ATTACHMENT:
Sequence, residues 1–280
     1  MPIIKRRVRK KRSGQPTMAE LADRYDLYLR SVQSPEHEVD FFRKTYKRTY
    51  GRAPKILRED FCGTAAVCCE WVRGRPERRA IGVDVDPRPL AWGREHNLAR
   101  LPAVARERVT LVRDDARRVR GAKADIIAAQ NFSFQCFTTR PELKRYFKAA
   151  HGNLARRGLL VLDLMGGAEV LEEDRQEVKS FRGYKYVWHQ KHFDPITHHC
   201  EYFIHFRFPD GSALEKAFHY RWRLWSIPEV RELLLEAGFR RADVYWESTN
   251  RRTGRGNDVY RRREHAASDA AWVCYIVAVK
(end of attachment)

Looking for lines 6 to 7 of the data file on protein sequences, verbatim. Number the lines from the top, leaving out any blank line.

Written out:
   201  EYFIHFRFPD GSALEKAFHY RWRLWSIPEV RELLLEAGFR RADVYWESTN
   251  RRTGRGNDVY RRREHAASDA AWVCYIVAVK